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Jul 10 / Paul Kasabian

Quick guide to Bleacher Report Attribution Guidelines

Attribution requirements can vary from different one media outlet to the next. We have our own guidelines at Bleacher Report, and this post aims to spell them out clearly, so we’re all on the same page.

Adding Links and Attribution

As laid out in our Attribution Guidelines, Bleacher Report requires firsthand links to all breaking news reports, rumors, proprietary advanced stats, quotes and paraphrased statements, as well as any allegations/character-damaging references or obscure factual information.

A firsthand source means the outlet doing the original reporting—not a site that is re-reporting that information. (If the firsthand source is not available online, we allow secondhand sources, which we’ll explain more about later.)

Along with the necessary links, writers should provide an accompanying attribution/citation whenever their hyperlinked source references breaking news, rumors, proprietary advanced stats, direct quotes or paraphrases that are exclusive to one source.

An important note on advanced stats before we touch on citations: As we state in this blog post, ”Advanced stats—such as salary cap information, points per possession and pitch percentages—must be credited and linked to the exact location where you found the information online.”

In cases where all advanced stats are sourced to one website, writers can add an italicized attribution line (and link) at the article’s end (or at the end of the first slide). Example: All advanced statistics used in this article are from Pro Football Focus.

How to Cite: To properly cite something, a B/R writer must specifically name where the information comes from. Naming the media outlet is mandatory at minimum, and the writer of the story should be named for anything exclusive in its nature, such as a writer breaking news and/or rumors from a personal source, or someone quoting a one-on-one interview.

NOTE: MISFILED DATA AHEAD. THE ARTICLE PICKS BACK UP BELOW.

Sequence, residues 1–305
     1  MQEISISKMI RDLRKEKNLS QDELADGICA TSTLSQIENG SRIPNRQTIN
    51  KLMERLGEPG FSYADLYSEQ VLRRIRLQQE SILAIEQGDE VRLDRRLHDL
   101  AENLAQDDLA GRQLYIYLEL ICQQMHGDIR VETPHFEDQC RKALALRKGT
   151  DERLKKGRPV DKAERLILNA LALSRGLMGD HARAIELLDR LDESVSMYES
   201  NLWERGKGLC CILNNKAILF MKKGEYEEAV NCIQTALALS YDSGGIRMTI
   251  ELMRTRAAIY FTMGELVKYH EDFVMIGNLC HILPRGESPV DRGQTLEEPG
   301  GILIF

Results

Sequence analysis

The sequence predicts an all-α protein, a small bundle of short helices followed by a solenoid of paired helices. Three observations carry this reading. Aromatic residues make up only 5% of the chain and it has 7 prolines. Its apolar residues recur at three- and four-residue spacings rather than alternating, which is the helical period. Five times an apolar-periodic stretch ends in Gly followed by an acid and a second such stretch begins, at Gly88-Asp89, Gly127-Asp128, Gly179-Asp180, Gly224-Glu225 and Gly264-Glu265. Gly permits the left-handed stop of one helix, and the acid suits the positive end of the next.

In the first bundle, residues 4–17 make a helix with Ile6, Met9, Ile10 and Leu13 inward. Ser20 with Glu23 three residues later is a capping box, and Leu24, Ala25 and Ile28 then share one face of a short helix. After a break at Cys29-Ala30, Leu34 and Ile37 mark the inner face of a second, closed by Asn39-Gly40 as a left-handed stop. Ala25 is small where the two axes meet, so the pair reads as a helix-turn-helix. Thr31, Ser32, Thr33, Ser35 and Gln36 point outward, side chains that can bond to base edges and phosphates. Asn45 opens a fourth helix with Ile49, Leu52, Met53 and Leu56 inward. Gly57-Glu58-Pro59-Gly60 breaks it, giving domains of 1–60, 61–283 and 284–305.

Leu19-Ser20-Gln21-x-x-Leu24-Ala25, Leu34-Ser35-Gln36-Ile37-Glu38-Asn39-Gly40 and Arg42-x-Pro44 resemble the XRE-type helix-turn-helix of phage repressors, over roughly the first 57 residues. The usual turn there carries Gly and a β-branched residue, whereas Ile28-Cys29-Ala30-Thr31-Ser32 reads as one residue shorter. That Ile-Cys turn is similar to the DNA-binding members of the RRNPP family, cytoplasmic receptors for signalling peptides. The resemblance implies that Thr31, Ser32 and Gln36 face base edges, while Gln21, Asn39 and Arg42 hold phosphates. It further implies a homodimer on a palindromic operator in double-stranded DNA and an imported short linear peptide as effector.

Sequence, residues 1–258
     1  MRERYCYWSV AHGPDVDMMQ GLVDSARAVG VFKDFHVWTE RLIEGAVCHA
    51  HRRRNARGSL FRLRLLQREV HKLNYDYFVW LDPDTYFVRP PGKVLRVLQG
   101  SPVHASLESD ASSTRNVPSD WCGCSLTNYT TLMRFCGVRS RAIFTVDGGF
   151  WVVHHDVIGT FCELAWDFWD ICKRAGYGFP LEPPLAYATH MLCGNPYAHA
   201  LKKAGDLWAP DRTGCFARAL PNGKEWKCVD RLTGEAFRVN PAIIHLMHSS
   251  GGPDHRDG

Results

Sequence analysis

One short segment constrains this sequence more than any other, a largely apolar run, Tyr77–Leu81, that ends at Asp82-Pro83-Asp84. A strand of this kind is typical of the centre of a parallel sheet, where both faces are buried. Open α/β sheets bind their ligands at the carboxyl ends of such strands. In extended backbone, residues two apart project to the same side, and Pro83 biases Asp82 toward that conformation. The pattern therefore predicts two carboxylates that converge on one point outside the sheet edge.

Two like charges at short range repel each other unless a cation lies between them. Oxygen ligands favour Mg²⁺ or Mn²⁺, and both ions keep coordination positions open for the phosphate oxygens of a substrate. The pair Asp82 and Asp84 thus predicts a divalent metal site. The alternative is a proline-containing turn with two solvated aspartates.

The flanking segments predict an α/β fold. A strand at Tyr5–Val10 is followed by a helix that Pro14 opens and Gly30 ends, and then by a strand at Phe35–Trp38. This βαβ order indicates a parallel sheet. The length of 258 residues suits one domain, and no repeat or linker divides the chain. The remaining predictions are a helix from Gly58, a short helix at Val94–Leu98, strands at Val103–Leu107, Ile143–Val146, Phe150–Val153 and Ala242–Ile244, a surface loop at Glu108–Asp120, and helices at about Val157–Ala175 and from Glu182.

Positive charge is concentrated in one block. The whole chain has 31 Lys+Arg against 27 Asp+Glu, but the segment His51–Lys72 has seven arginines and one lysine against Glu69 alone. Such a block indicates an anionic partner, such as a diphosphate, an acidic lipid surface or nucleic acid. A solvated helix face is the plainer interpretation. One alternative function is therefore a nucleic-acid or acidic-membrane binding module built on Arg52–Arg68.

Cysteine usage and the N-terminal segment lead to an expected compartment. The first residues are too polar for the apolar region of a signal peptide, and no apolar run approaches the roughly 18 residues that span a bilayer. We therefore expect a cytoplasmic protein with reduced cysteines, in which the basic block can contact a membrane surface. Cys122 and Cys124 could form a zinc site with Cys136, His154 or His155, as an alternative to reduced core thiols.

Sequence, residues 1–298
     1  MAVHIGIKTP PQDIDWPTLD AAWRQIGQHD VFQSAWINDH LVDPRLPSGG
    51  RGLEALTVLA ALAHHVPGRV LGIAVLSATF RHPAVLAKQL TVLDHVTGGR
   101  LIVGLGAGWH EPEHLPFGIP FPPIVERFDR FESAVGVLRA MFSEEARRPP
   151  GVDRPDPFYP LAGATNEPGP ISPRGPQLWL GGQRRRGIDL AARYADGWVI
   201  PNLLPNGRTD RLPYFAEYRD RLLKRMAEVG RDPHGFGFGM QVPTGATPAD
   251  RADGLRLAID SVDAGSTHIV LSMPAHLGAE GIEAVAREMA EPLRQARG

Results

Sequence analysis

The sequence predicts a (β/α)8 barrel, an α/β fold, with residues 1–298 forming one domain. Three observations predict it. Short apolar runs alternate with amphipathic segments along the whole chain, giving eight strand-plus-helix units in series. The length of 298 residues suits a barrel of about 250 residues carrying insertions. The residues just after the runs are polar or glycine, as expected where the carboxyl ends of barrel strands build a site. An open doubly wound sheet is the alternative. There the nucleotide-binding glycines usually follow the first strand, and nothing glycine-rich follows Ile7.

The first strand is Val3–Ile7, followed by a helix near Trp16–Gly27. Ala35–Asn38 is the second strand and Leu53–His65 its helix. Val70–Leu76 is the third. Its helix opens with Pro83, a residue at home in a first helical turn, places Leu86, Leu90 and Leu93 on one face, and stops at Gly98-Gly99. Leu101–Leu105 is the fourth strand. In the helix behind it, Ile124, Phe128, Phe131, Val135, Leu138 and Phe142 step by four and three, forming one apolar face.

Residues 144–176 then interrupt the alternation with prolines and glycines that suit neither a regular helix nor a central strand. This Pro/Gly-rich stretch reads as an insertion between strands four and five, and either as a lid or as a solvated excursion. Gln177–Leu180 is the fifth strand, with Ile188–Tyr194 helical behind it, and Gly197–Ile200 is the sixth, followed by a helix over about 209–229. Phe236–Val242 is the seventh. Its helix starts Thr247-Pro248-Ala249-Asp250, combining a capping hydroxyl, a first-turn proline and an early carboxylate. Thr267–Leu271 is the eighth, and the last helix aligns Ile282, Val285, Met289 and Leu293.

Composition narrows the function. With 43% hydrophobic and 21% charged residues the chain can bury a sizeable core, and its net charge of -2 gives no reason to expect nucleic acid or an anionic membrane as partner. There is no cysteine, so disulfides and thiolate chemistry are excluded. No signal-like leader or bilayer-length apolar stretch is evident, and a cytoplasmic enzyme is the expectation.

You can write out the citation in the way that best suits the syntax of the piece, so make your best call. Some examples:

  • Via Ralph Vacchiano of the New York Daily News
  • According to Ralph Vacchiano of the New York Daily News
  • Ralph Vacchiano of the New York Daily News reports …

Be sure to maintain grammatical correctness and avoid awkward structure when incorporating citations into a sentence: It’s not always as easy as adding “according to …” at the beginning or end of the sentence.

In addition, please note that the proper method of citing a source is by incorporating the citation into a sentence—not by adding a parenthetical note.

Correct: In a 2009 interview with ESPN’s Tim Graham, Randy Moss threw his own hat into the ring for consideration among the game’s all-time greats.

Incorrect: In a 2009 interview, Randy Moss threw his own hat into the ring for consideration among the game’s all-time greats (via ESPN’s Tim Graham).

Parenthetical citation should only be used to cite secondhand sources, either as a hat tip (h/t) or when the firsthand source is not available online.

This attribution format gives credit to both the original and secondary source, and still provides readers with a link to support the information.

Example: WWE is reportedly planning to restore NXT to TV, according to (h/t Michael Bluth of

Please review this Content Standards blog post for further clarification on attribution, and let us know if you have any questions or concerns.

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Paul Kasabian is the Manager of the Quality Control Team. Email him at